Thoughts on William J. Abraham’s Logic of Renewal

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For the Church Renewal Class, we are reading several books and writing about a page on them… so, I intend to share them with you.

Abraham is not writing to the academic or the theologian who decides to stay in the depths of God, but to the Church where it is. His language is often forceful, especially when he wishes to disagree with one of his examinations (149; and his issues with changing ‘patriarchal language’ for the sake of change). He is not biting, but provides his readers with enough to chew on. His presentation, at least in as far as it seems to one who has not read many of the works examined, seems fair, although he shows the true intellectual dogma of not believing, agreeing, or accepting out of hand everything present to him, and to him us. The author is careful to let the examinees speak for themselves, and had generally aligned the comparisons neatly so as to present two different views of renewal to contract one another immediately and directly (The easiest example of this is Cupitt and Norman as well as Wagner and Reno).

Most importantly was Abraham’s refusal to accept fully anything presented and to consistently, even if his personal agreements seemed to come through (such as with MLK, Newbigin and Wagner). Further, his discussion of the Enlightenment throughout the book is relevant because it is something that we still face today, either in faith or in reason. For myself, I prefer the side of reason; however, through the readings on Cupitt and Spong, there are errors in reason over the Spirit which I see need to be addressed not only in myself, but so too the larger Church. This is Abraham’s most important contribution, in that Abraham readily secures against the full encroachment of the Enlightenment’s brand of Reason, but challenges those, such as Draper, Norman and Wagner, to make use of intellectual integrity to propel the Church forward. Finally, Abraham, against Cupitt and others who wish to simply dismiss the ‘canonical’ tools of the Church, instead insists on holding more firmly to them to guide us into renewal.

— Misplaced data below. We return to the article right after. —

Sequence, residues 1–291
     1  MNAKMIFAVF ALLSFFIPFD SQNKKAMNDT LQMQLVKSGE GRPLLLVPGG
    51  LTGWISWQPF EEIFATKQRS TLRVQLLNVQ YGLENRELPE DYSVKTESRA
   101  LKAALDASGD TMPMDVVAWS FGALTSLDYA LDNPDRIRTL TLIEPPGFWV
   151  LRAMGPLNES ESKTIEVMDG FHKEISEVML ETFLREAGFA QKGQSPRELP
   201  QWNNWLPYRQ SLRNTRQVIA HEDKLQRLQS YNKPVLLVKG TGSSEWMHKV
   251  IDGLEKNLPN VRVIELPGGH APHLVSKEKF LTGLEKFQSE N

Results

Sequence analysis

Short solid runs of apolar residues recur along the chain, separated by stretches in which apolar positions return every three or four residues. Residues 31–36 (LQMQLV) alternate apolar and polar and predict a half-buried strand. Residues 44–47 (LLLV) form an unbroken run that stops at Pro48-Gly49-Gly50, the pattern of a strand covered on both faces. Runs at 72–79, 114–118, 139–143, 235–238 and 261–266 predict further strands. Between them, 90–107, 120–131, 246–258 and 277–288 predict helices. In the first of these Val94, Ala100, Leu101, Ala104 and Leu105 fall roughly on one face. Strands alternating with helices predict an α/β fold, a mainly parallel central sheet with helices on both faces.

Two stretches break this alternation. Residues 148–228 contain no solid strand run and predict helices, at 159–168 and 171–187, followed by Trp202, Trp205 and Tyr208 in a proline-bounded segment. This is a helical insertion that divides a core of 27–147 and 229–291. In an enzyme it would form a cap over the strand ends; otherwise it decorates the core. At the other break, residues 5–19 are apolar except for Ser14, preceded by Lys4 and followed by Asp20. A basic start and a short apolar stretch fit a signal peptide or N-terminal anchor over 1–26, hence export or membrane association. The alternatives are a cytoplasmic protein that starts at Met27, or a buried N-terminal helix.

While Abraham sees the renewal of the church heavily dependent upon the canons of the past (169), I would have preferred to see a chapter by him (although admittedly, his work on this subject most likely addresses it fully) directly on this subject. The Scriptural canon is something still held differently by Catholics, Orthodox and Protestants, and among Protestants there are the debates involving translations, such as the King James Version only movement and the use of inclusive language. Further, there is the notion of original text, which as F.F. Bruce would point out, is a canonical question all of its own. Then, there are the Councils, of which Protestants hold to just a few, as well as the Creeds which many Protestants simply dismiss as unnecessary, or hold in vile and utter contempt. While I appreciate his allusions to these issues, I would rather have seen his stance detailed more than just a footnote to his previous work.

The ministry aspect of this, I think, is that first and foremost, many voices are needed, but rarely do they have the singular answer to the question of Church Renewal. Instead, the voices contribute to the overall answer, although we may not see it at the moment. Further, we have to understand just what our experiences do to our viewpoint. Taking Spong as the primary example of this, I see that his background in fundamentalism shaped his need to run as far as possible from any foothold into literalism or Christian history. Because of this, Spong seems to want to remake Christianity into his own image, devoid of the Spirit, the Creeds, the Scripture, and most importantly, the miracles in which we find Christian reality. The same, although the origins are different, may be said of Cupitt; however, with people such as Dr. King, the background helps to shape in a positive way the vision cast for renewal. There is a danger then, of being too subjective in determining your path forward (such as Reno), although the opposite is true as well (Newbigin) in which one may have an almost dominionist control over Church and State. Ministry is always rooted in subjectivity, but sometimes, our answers for renewal need to go beyond our experiences and viewpoints.

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